Thank you for your question. Please permit me to assist you with your concerns.I am genuinely sorry to hear that you and your child were injured and I hope that you were able to recover. Do you still have your attorney who will represent you, or will you represent yourself? Do you know if the deceased left behind an estate? I am not sure you need a probate attorney, your personal injury attorney can simply file against the estate of the deceased and add the insurance company as a co-defendant. Generally the state where the accident took place is considered the main and primary jurisdiction for this claim although you can file suit directly in the state where the deceased and his estate exists. You would only need a probate attorney if they never opened probate when he passed away, as you would then need to petition the local courts to open the estate so you could file suit against them. Just please be aware that if he passed and they listed his passing, there is generally a 6 month statute of limitations on filing against the estate for the debt. I am just concerned that you may well be beyond the statutory period if he passed away for longer and they timely opened probate.Good luck.
My attorney will not be assisting me. I believe that maybe he was paid off by the insurance company. Why won't the insurance company compensate since they acknowledged and assumed responsibility for the accident? And how can I continually hold them liable? The deceased did not have an estate open which is why I am looking into it.
Thank you for your follow-up, Deidre. I appreciate the additional details.What I may suspect could be the reason for why the insurance company is refusing to move forward could be a situation based on these two factors. First, if the accident occurred in Alabama, the state has a 2 year statute of limitations from the date the injury occurred. If you are beyond those two years and did not file in a timely manner, then you may be unable to pursue this case further. The second option may be a bit of modification of the first, there is no estate and no client, the estate was not properly opened and since they do not represent the estate, the insurance company has no duty to extend coverage to it. Furthermore, as their client passed away with their obligations not assigned to anyone, they are no longer required to provide such coverage. These are guesses on my part as I do not know the situation, but that may be the underlying concern.Good luck.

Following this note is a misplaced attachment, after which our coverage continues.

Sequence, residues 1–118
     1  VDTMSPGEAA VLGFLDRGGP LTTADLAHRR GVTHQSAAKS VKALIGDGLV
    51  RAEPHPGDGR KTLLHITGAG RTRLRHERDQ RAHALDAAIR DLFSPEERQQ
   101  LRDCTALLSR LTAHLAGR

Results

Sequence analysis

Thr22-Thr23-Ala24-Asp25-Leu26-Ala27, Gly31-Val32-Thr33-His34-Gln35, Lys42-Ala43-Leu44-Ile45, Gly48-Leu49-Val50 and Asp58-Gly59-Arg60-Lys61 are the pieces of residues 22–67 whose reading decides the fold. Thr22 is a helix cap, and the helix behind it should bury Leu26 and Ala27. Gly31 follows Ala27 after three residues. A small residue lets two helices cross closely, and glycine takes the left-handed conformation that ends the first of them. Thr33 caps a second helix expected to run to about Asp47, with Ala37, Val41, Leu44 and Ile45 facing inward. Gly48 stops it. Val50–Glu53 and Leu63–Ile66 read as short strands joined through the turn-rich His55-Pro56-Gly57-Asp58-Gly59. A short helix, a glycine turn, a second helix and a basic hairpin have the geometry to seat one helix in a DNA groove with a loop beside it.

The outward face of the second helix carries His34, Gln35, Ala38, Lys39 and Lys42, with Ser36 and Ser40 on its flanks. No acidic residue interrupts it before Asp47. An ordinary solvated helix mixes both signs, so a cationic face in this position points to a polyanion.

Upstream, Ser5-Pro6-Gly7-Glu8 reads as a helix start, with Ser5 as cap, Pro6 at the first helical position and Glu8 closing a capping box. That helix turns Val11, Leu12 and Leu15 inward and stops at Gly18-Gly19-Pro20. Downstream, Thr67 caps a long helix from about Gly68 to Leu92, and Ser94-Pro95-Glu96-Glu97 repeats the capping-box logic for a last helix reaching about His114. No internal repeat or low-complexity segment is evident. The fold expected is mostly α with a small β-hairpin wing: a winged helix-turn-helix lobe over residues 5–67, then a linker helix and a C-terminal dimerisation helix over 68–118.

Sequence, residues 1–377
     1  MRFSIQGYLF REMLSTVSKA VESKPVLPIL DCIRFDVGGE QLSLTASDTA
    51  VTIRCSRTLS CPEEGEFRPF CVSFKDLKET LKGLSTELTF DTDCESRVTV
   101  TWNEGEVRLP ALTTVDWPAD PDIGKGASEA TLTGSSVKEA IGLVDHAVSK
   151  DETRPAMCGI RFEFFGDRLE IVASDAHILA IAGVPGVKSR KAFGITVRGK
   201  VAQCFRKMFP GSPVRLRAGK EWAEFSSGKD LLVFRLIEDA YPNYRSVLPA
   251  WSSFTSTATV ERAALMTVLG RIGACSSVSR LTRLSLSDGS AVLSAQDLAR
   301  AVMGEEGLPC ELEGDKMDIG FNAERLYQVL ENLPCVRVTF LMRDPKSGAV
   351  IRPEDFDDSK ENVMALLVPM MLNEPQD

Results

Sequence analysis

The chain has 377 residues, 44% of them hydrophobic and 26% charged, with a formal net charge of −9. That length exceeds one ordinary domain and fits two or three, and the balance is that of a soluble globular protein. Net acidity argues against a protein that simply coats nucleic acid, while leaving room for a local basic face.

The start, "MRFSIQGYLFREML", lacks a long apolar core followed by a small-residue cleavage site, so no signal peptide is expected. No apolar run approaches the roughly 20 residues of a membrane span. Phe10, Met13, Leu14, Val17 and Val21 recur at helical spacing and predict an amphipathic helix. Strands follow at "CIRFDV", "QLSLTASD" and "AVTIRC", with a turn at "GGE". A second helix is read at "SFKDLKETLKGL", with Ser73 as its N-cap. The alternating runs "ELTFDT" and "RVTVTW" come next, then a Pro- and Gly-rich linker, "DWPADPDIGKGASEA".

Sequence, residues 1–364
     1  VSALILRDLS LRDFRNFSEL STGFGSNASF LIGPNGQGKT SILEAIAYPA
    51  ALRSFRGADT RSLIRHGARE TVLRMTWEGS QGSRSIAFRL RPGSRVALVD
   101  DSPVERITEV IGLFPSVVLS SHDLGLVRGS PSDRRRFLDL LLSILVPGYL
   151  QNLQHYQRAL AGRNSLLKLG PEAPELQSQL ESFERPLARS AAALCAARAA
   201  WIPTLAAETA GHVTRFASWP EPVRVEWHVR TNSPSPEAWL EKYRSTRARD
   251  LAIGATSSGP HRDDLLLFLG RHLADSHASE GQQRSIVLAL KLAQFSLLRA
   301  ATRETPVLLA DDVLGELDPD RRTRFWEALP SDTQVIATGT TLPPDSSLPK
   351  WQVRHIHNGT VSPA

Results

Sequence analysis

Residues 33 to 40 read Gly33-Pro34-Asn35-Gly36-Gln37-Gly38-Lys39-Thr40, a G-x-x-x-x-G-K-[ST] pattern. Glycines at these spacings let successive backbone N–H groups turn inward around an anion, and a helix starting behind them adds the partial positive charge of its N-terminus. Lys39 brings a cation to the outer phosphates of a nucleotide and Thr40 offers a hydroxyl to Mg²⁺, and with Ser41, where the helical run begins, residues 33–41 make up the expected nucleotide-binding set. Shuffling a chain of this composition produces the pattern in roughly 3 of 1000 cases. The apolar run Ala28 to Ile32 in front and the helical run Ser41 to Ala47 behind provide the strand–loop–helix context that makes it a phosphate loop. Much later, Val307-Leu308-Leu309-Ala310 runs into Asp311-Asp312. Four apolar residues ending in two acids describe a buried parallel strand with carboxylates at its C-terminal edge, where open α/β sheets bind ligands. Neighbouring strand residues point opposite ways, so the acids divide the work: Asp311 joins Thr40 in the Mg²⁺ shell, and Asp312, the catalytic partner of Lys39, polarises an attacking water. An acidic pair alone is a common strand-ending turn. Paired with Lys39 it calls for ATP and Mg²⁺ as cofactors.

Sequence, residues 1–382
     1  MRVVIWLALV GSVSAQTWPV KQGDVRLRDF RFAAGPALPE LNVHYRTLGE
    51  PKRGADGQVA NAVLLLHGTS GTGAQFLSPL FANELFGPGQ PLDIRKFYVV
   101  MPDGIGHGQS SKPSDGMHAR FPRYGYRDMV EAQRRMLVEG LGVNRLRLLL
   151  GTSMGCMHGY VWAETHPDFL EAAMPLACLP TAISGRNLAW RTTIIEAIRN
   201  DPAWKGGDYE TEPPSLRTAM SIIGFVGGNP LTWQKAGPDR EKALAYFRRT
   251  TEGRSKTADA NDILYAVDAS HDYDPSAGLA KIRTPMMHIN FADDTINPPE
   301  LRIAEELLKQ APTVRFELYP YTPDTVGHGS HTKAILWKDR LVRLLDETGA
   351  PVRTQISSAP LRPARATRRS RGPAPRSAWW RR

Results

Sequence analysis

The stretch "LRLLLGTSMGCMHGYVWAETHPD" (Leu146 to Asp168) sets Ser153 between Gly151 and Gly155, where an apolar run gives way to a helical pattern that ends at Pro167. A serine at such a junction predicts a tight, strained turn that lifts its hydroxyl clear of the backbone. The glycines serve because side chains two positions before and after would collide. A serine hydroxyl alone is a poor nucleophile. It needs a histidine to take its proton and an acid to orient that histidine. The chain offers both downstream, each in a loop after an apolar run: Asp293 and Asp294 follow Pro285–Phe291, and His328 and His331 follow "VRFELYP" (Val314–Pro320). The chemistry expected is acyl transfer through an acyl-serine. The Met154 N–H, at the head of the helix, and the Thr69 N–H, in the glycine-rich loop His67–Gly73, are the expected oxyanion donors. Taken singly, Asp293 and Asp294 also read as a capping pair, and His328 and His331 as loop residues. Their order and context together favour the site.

DISCLAIMER: Answers from Experts on JustAnswer are not substitutes for the advice of an attorney. JustAnswer is a public forum and questions and responses are not private or confidential or protected by the attorney-client privilege. The Expert above is not your attorney, and the response above is not legal advice. You should not read this response to propose specific action or address specific circumstances, but only to give you a sense of general principles of law that might affect the situation you describe. Application of these general principles to particular circumstances must be done by a lawyer who has spoken with you in confidence, learned all relevant information, and explored various options. Before acting on these general principles, you should hire a lawyer licensed to practice law in the jurisdiction to which your question pertains.
The responses above are from individual Experts, not JustAnswer. The site and services are provided “as is”. To view the verified credential of an Expert, click on the “Verified” symbol in the Expert’s profile. This site is not for emergency questions which should be directed immediately by telephone or in-person to qualified professionals. Please carefully read the Terms of Service (last updated February 8, 2012).